The Paleo diet refers to an eating plan that mimics what was likely eaten during the Paleolithic era, when our ancestors were hunters and gatherers.
The diet is made up of foods that could be hunted or gathered such as meat, poultry, fish, eggs, vegetables, fruits, nuts, and seeds. The belief behind this style of eating is that foods like grains, legumes, and dairy are associated with the onset of chronic disease. Therefore, these foods are eliminated from the eating plan. Because it does not allow processed or pre-made foods, the Paleo diet limits sugar and sodium intake.
Not all Paleo diets are exactly the same. Many people eat variations of the diet, stick to it only during the week, or incorporate free days where they may eat anything they want. Others follow the guidelines strictly.
Even critics of the diet recognize that there are benefits with the reduction of sugar and sodium and with the increase in fruits, vegetables and healthy fats from fish, nuts, and seeds. But many health professionals are still concerned that excess meat increases saturated fat intake, and that the diet limits nutrient-rich foods. According to the Academy of Nutrition and Dietetics, research still links the fiber from whole grains with a decreased risk for heart disease, cancer and diabetes, and dairy may play a role in weight loss.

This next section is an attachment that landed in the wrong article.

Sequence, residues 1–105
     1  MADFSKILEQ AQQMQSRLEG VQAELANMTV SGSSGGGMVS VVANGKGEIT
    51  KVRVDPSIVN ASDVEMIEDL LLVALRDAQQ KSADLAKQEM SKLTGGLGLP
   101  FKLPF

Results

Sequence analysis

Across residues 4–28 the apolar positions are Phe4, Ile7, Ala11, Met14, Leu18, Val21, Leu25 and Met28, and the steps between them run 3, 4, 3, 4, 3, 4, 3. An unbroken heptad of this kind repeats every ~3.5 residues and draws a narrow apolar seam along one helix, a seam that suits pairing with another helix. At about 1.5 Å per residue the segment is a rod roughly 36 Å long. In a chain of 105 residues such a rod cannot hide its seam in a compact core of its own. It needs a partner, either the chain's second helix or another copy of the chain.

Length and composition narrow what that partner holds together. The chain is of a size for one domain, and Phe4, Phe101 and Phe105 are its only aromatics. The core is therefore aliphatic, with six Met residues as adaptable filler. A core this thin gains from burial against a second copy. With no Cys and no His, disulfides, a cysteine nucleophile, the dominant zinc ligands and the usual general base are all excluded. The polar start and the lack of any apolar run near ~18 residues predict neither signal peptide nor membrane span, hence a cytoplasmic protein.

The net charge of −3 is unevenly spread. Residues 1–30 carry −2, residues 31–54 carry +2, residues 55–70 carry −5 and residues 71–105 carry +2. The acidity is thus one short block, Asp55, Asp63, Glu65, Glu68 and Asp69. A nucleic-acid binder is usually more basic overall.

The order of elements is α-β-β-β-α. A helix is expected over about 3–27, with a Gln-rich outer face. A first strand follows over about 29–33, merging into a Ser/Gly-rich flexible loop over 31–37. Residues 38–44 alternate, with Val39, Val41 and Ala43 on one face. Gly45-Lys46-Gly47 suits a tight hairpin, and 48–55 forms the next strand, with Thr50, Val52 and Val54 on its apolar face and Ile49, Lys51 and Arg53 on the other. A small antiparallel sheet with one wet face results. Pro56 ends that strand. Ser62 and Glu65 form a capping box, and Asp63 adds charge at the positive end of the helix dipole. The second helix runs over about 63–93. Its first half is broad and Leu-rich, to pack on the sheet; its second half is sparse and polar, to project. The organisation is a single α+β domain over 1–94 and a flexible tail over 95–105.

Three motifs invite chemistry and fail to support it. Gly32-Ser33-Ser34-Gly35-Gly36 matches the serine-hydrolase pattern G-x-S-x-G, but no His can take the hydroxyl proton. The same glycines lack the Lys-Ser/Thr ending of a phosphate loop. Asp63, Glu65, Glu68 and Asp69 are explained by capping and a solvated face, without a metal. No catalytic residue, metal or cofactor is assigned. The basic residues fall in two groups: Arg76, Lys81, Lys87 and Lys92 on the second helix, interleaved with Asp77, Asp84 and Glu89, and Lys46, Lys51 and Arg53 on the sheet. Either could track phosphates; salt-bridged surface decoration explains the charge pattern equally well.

According to the Mayo Clinic, limited short-term clinical research conducted with small groups has shown that a Paleo diet may have moderate benefits when compared to eating plans that include whole grains, legumes, and low-fat dairy. There is evidence of increased weight loss, improved glucose tolerance, better blood pressure control, and better appetite control.
Larger, long-term studies are still needed. It’s possible that similar health benefits can be achieved with exercise and a balanced healthy diet, eliminating the need for such severe food restriction. Critics also argue that the basis of the diet may be oversimplified, leading to more confusion about healthy eating. Some archaeological research suggests that grains may have been present in the diets of our ancestors before the onset of farming. If this is true, it complicates the justification for eliminating them that is associated with the Paleo diet.